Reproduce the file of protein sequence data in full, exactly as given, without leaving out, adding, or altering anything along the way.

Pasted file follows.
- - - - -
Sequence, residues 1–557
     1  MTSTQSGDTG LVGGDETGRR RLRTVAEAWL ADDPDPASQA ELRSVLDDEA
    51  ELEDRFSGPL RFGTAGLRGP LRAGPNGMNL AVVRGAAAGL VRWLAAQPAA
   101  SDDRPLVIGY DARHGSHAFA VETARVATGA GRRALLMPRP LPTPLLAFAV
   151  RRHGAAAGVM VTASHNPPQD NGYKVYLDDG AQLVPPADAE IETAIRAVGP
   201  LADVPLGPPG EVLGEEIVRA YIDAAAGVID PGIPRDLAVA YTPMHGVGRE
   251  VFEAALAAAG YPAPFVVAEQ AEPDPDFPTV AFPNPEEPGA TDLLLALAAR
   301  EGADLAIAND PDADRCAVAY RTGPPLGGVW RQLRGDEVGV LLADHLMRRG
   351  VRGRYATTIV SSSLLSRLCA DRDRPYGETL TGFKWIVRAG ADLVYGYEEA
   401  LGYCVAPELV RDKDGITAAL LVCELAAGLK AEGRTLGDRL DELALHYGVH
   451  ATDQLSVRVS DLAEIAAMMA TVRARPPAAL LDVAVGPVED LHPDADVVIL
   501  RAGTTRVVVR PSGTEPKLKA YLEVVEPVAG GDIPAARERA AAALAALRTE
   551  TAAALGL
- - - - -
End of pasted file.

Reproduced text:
Sequence, residues 1–557
     1  MTSTQSGDTG LVGGDETGRR RLRTVAEAWL ADDPDPASQA ELRSVLDDEA
    51  ELEDRFSGPL RFGTAGLRGP LRAGPNGMNL AVVRGAAAGL VRWLAAQPAA
   101  SDDRPLVIGY DARHGSHAFA VETARVATGA GRRALLMPRP LPTPLLAFAV
   151  RRHGAAAGVM VTASHNPPQD NGYKVYLDDG AQLVPPADAE IETAIRAVGP
   201  LADVPLGPPG EVLGEEIVRA YIDAAAGVID PGIPRDLAVA YTPMHGVGRE
   251  VFEAALAAAG YPAPFVVAEQ AEPDPDFPTV AFPNPEEPGA TDLLLALAAR
   301  EGADLAIAND PDADRCAVAY RTGPPLGGVW RQLRGDEVGV LLADHLMRRG
   351  VRGRYATTIV SSSLLSRLCA DRDRPYGETL TGFKWIVRAG ADLVYGYEEA
   401  LGYCVAPELV RDKDGITAAL LVCELAAGLK AEGRTLGDRL DELALHYGVH
   451  ATDQLSVRVS DLAEIAAMMA TVRARPPAAL LDVAVGPVED LHPDADVVIL
   501  RAGTTRVVVR PSGTEPKLKA YLEVVEPVAG GDIPAARERA AAALAALRTE
   551  TAAALGL